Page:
Companies taking the constrained approach typically capitalize on a less competitive market for digital talent. Talent has fewer options for employment based on the geographic location of the company, government regulations restrict employment options, and market conditions are less competitive, all allowing these companies to maintain a primarily FTE workforce. But these conditions do not incentivize a focus on great employee experience, and allow constrained companies to maintain an employee experience based on an outdated work environment and habits—those designed to be effective in a command and control organization and not supportive of new ways of working. While they realize slightly better business outcomes than companies that follow a separated approach, constrained companies limit their digital talent in delivering business value, and the impact is evident across all dimensions. 


Companies succeeding with the integrated approach typically describe themselves as having a workforce where it is hard to tell which talent is FTE and which externally sourced. While they maintain a core of FTE (in our study typically employing 21% of digital talent as FTE), these companies also develop partnerships with vendors, foster relationships with talent networks, and invest in talent recruitment platforms to enhance their workforce. Integrated companies are constantly iterating to design workplaces that deliver value for their entire workforce—regardless of workers’ relationship to the organization. Digital capabilities that truly span organizational boundaries, however, remain a challenge for many such companies. While integrated companies in our research were doing markedly better than those following the separated approach—especially in terms of time to market and the company’s ability to change—it should be noted that an integrated approach can still be quite costly, with negative average net margins when compared to direct competitors. 


Companies following an enabled approach generate the best business outcomes—on all four of our performance measures. These companies have built an employee experience that enables them to compete effectively with digitally born companies, and choose to employ the majority of their digital talent as FTE. Enabled companies are committed to investing in their digital talent, and clearly articulate the need for their people to be FTE. By building a great experience for their employees, these companies are also able to make very deliberate decisions about the use of external talent. Such decisions tend to be less about supplementing existing teams with the same capabilities and much more about adding new skills and perspectives to enhance creativity for specified projects.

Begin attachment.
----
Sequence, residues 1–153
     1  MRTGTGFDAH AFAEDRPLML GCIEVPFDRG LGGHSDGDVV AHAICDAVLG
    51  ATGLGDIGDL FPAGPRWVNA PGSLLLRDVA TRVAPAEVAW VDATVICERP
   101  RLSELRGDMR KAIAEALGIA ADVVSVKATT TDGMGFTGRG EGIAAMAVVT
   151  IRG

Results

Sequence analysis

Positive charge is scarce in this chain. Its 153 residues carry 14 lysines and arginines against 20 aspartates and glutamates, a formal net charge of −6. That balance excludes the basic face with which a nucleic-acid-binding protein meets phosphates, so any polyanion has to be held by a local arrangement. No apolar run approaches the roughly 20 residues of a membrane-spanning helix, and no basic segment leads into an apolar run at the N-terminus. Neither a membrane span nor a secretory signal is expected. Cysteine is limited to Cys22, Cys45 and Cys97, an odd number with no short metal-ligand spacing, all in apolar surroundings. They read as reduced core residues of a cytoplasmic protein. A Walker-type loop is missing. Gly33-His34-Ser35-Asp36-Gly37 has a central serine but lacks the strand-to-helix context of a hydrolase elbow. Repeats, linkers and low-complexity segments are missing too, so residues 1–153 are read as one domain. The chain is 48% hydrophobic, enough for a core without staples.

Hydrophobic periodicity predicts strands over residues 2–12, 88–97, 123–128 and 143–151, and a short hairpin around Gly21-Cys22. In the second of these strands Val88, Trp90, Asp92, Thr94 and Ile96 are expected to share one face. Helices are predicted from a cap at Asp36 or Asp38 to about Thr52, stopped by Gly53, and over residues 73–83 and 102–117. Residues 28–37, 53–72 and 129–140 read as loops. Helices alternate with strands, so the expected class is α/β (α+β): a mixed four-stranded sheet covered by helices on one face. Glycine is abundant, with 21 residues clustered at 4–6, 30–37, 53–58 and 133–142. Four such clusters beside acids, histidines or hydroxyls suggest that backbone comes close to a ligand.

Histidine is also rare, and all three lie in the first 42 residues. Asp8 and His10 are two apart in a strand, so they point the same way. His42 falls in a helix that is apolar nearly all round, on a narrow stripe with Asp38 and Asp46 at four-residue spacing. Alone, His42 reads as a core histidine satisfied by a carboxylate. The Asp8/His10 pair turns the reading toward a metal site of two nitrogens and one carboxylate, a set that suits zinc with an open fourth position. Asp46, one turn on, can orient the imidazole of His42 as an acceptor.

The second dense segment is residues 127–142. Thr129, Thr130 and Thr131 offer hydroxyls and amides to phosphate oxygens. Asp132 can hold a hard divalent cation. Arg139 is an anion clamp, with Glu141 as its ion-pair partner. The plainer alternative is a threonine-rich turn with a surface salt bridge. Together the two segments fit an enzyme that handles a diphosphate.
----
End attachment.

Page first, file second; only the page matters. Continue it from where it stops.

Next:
Despite the opportunities enabled by digital platforms to increase the use of external talent, our research shows that a greater focus on sourcing digital talent as FTE yields significant improvements on all measures of performance. This is particularly evident when we examine attributes among the most critical in the digital world: ability to change (a measure of organizational agility) and innovation. If difficulty in competing for digital talent is forcing your company to engage increasingly with the external talent marketplace, we suggest that you invest in building a great employee experience. Ultimately, this will not only enable your workforce of today, but it will also help you to attract top talent as FTE and serve as the key to a long-term workforce strategy for digital.

© 2018 MIT Sloan Center for Information Systems Research, Dery, Van der Meulen, and Sebastian. MIT CISR Research Briefings are published monthly to update the center's patrons and sponsors on current research projects.

About the Authors

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Kristine Dery, Research Scientist, MIT Sloan Center for Information Systems Research (CISR)


Founded in 1974 and grounded in MIT's tradition of combining academic knowledge and practical purpose, MIT CISR helps executives meet the challenge of leading increasingly digital and data-driven organizations. We work directly with digital leaders, executives, and boards to develop our insights. Our consortium forms a global community that comprises more than seventy-five organizations.